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The TRS-80 hosted a number of experimental games that didn't necessarily lead to greater things. It was the perfect platform for a lone programmer with a quirky idea, and some odd but interesting titles made it to market.
"The aliens are coming! And they're stealing our toilet paper!" That's pretty much the concept in this original arcade action game by John Weaver. The player's laser-equipped spaceship has to protect the local privy from alien creatures that fly through the sky, and, closer to home, zombie-like vandals who walk in from the sides of the screen, violate the sacred outhouse, and begin unspooling the precious TP as the remaining footage counts down.
It plays like any number of arcade shooters, with elements of Space Zap and Stratovox, but it's not exactly like anything else out there.
Dancing Demon (1979)
Leo Christopherson was one of the most talented animators working on the TRS-80, adapting to the system's limited graphics to create appealing characters with fluid movement and considerable personality.
Dancing Demon was not really a game, but a fun creativity tool -- users could enter music, note by note, and arrange choreography to go along with it, stringing together a series of canned dance steps to put a tap-dancing demon through his paces. A wacky and unique entry in the annals of early computer gaming, Dancing Demon stayed in active release for years, issued by three different publishers -- including a stint as an official Radio Shack release.
Paddle Pinball (1981)
What do you get when you combine pinball and Pong? Well, you get Eric Quintana's Paddle Pinball, a not-entirely-successful hybrid. The single-pixel rectangular ball behaves according to something like physics, with a certain amount of randomness built-in and a touch too much gravity.
The game's most notable feature is the playfield editor that preceded Bill Budge's Pinball Construction Set by a couple of years, allowing players to modify and save the layout to cassette. The feature is well-hidden and not likely to be found without reading the manual, and the editor also does nothing to prevent the player from creating board layouts that interfere with paddle movement or are prone to stuck balls. But it was an innovation at the time -- though it still feels odd playing pinball with a paddle.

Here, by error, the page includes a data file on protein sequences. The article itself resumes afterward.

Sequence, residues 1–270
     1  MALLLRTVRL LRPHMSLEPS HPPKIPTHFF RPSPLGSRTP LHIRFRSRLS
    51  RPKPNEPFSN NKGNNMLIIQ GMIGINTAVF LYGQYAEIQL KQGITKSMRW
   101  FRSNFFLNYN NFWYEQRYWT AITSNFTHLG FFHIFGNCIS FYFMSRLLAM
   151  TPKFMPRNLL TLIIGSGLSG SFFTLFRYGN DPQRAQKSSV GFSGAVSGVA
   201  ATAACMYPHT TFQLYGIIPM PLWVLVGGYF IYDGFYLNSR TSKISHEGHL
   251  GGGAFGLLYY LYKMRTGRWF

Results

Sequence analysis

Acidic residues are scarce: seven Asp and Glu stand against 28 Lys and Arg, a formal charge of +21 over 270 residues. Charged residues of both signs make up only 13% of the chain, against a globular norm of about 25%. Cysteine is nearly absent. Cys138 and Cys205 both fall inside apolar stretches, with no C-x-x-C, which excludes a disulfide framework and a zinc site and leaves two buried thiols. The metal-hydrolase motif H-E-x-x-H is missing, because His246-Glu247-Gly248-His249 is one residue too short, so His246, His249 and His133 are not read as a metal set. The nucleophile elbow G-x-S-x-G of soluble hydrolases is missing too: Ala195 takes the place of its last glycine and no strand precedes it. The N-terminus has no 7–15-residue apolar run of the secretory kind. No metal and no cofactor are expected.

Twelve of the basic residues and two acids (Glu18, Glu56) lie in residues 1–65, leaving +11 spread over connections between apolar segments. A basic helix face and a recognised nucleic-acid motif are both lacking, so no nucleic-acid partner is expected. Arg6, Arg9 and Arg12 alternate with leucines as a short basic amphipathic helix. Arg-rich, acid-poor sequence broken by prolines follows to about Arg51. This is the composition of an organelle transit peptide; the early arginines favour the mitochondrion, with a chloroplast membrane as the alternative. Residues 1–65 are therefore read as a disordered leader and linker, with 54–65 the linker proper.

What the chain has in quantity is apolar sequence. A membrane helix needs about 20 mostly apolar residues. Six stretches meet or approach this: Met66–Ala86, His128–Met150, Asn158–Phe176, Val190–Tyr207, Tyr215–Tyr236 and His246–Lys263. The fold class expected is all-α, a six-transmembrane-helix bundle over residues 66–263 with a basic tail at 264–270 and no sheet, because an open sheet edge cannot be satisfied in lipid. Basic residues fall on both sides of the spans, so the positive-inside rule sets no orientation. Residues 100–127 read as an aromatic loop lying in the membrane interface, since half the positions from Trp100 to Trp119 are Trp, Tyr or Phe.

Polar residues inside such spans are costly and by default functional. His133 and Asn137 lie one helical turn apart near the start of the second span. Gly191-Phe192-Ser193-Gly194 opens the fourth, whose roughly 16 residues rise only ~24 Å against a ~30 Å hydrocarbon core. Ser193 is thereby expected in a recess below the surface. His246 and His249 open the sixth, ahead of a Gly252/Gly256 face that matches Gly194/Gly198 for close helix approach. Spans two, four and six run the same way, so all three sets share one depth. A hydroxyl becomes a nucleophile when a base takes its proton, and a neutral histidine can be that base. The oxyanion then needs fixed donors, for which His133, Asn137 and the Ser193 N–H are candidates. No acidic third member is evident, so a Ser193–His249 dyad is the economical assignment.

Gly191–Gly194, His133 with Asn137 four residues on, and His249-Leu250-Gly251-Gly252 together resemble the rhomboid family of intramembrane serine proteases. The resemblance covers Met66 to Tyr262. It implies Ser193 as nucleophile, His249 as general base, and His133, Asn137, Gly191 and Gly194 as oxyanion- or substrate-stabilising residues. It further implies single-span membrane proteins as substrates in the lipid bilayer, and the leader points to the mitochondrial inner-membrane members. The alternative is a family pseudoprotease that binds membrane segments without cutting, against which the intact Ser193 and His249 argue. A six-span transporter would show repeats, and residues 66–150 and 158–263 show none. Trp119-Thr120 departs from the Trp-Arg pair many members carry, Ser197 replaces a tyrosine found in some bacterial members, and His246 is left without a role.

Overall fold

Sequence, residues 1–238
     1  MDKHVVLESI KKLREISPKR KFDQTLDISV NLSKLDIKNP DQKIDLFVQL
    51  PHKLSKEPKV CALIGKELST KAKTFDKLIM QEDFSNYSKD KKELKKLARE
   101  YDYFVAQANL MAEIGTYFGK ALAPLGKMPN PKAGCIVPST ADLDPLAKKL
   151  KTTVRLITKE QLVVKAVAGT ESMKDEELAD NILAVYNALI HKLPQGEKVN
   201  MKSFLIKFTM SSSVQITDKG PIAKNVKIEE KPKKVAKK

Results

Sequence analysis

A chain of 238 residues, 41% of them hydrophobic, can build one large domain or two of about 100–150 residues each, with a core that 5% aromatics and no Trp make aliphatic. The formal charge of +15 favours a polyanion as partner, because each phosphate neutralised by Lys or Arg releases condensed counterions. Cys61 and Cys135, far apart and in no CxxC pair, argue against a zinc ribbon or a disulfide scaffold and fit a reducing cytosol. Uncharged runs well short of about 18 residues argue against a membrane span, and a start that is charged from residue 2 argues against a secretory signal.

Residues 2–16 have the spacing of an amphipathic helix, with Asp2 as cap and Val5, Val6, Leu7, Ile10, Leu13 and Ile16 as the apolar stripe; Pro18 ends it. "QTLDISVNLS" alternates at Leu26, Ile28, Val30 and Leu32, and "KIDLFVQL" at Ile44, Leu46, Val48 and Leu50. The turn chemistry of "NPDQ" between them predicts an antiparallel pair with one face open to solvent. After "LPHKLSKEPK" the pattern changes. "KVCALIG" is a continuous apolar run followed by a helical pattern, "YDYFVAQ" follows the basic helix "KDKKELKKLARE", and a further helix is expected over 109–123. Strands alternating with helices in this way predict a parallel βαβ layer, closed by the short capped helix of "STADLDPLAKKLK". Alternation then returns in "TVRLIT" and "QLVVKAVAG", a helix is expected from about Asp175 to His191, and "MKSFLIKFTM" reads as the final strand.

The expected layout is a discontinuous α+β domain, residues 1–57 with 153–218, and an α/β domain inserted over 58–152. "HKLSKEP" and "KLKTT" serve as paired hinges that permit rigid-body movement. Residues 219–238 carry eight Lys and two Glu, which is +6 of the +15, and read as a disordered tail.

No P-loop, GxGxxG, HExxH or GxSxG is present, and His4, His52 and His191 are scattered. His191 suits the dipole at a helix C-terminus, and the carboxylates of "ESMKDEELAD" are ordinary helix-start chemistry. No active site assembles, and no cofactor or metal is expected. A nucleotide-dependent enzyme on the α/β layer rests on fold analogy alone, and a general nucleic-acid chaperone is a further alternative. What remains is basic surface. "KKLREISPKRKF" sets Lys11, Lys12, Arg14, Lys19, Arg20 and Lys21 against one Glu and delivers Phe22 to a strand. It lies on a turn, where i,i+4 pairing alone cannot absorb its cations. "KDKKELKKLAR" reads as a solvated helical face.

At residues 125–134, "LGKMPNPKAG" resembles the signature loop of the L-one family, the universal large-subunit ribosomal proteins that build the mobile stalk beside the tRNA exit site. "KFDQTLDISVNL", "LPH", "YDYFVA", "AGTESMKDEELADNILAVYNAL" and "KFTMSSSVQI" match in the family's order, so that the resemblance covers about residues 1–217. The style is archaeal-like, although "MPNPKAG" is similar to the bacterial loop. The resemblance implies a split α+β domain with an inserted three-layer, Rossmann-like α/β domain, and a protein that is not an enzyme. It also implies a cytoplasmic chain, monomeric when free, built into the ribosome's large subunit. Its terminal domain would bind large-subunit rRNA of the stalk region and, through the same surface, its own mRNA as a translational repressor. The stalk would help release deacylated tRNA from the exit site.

Misadventure #2: Wet T-Shirt Contest (1982)
There weren't a lot of "adult" games released during the TRS-80 era, but Softcore Software's series of text Misadventures, created by "Dirty" Bob Krotts, were a good deal saucier than Leisure Suit Larry could ever be.
This second game in the series was a fairly standard text adventure, but in addition to its uncensored use of mild profanity, it featured one pioneering mechanic: the player starts out as a male, but must switch genders to enter the title competition. Whether intentional or not, the end result allowed the player to feel exploited as a woman and guilty as a man, likely disappointing its target demographic but reinforcing the emotional power of simple, text-based interactive fiction.
I'm not quite sure where the 1970s astrology craze and the TRS-80 met, but their woebegone stepchild was Radio Shack's Astrology program. Given the user's birth date, time and location in latitude and longitude, the program would compute where all of the heavenly bodies were at that moment in history, as defined by the standards of this age-old art of codswallop. It might have been entertaining if it had been able to generate actual newspaper-style horoscopes, but 16K of cassette-based code wasn't about to pull that off; the TRS-80 struggled quite enough just doing the basic solar system calculations the exercise required.
Electronic Handicapper: Basketball (1981)
What kind of entertainment software package retailed for $99.00 in 1981? Acorn Software's Electronic Handicapper: Basketball was not a game, really, but a slyly disguised business proposition. It promised a way to beat the odds with "sophisticated" computer analysis, and while this catalog advertisement doesn't explicitly mention anything as uncouth as sports betting in any way, shape or form, the selling price alone implies a certain you-scratch-my-back ethos.
The first person shooter as we know it was still a few generations off, but Med Systems' early first-person escape adventure Asylum managed to capture a little of that heart-in-throat feeling. While the TRS-80 couldn't handle animated 3D in real-time, the machine-language program runs quickly as the perspective shifts from one straight-on view to another, and never dampens the tension. Navigating an unfamiliar space, with no idea what might lie around the next corner, made for an engrossing experience despite the limited technology.